The scandal surrounding Barclays's manipulation of the inter-bank lending rate has filtered down to London's streets – literally. Questions are being asked about whether they're an appropriate sponsor for the Cycle Hire scheme.
The bikes have the bank's logo plastered all over them in a sponsorship deal that's worth a maximum of £50m to 2018. London Assembly Member Jenny Jones told politics.co.uk
They are not the sort of people we want to be associated with. It would have been good to set up smaller sponsors who were ethically in line with the concept.
A report from the London Assembly earlier this year looked at TfL's sponsorship policy in the wake of the Wonga/New Year travel deal, and carries this prescient comment:
TfL’s new sponsorship policy should also set out how it would manage a situation where a sponsor suffered major reputational damage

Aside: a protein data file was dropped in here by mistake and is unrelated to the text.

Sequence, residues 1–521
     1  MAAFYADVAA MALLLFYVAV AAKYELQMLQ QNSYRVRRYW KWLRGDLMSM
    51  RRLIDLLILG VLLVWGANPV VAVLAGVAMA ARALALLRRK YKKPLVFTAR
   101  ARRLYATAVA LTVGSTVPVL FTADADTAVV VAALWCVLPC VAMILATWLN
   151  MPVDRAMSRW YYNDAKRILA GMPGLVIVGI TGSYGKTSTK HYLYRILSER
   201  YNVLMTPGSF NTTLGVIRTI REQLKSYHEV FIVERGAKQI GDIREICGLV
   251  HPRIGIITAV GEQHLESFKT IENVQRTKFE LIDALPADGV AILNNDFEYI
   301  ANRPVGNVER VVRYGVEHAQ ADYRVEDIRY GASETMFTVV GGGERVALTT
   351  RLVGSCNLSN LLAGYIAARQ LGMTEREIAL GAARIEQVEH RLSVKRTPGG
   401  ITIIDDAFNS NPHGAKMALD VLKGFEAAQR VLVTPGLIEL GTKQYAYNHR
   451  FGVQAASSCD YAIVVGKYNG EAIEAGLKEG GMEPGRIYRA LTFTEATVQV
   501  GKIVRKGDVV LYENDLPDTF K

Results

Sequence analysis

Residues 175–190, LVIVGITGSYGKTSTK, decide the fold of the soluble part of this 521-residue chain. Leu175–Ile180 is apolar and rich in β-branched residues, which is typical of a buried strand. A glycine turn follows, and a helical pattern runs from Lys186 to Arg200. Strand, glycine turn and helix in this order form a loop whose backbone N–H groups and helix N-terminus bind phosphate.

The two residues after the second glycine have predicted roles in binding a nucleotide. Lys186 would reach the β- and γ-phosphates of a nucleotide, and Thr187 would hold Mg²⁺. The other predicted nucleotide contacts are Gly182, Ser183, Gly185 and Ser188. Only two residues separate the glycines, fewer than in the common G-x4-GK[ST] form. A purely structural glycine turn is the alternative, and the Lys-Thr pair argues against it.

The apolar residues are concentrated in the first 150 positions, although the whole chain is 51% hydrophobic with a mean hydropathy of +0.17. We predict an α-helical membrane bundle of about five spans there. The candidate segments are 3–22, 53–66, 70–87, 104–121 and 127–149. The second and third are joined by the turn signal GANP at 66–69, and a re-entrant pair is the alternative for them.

Barclays is in trouble because its derivatives traders lied to manipulate the Libor rate – the interest rate at which banks lend to each other – either to increase their profits or to hide how badly the bank was doing. (The last time Libor was in the headlines was during the credit crunch, when banks mistrusted each other so much that Libor shot up and the whole banking system froze.) During Wednesday's Talk London event, Boris Johnson joked that he'd be able to squeeze Barclays for another £50m but by Thursday morning struck a more sober note, saying it "looks to me like a very, very dodgy practice indeed".
Assembly members say they'll question the Mayor over the appropriateness of Barclays continuing to sponsor such a high profile scheme at Question Time on Wednesday. With sponsorship so tightly linked into the brand new cable car, is it time to reconsider the strategy of hitching so many high profile transport projects to private companies, with all their potential to go horribly wrong?
Photo by Strikealight from the Londonist Flickr pool